St Helena is an island in the middle of the Atlantic Ocean. It is so remote that they imprisoned Napoleon I there, confident that he couldn't be rescued. It's also so mountainous that no aeroplane had ever landed there... until this year.
In an effort to make the place economically viable and wean it off UK government subsidies, the British spent £295 million ($A480 million) to carve a flash new airport out of the mountains. Perched on top of a 320 metre cliff, it has a runway able to take A320 / B737 sized aircraft. Except that the engineers and meteorologists got things rather wrong...
After just four flights the airport has been closed. The flights were experimental landings with a small twin prop Beechcraft, a very wobbly landing after three attempts by a B737, a landing by a smaller jet with pilots especially imported from the Faeroe islands where they have the windiest commercial airport in the world, and a medical evacuation flight. However the St Helena airport was deemed to be so badly affected by wind sheer that could flip planes, that after the four landings it was closed and the 4,000 residents continue to rely on a five day journey on an elderly ship to South Africa as their only contact with the outside world.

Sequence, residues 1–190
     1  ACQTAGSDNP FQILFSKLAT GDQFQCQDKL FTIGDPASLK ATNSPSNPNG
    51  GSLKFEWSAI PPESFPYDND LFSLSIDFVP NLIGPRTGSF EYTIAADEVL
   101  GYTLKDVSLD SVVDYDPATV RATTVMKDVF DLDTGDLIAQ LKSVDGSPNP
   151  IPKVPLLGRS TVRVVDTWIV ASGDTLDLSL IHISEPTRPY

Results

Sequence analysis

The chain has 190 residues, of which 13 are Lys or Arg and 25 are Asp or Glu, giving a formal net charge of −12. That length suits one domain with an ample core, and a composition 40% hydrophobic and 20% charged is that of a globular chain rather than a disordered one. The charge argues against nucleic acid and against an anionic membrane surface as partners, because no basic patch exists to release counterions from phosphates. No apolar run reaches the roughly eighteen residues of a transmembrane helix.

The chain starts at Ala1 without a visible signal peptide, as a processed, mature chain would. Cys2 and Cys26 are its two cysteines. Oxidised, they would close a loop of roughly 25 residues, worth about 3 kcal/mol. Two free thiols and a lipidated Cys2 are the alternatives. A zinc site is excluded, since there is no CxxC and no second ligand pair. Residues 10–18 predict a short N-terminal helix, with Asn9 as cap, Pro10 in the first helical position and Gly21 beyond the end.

I guess all they can say to the people that built hotels on St Helena in anticipation of a tourist boom and to unfortunate British taxpayers who had £295 million of their hard earned money wasted is... 'Whoops, we didn't anticipate that'.
The best summary is at:
Other articles are: https://www.ft.com/content/bff86c54-80b9-11e6-8e50-8ec15fb462f4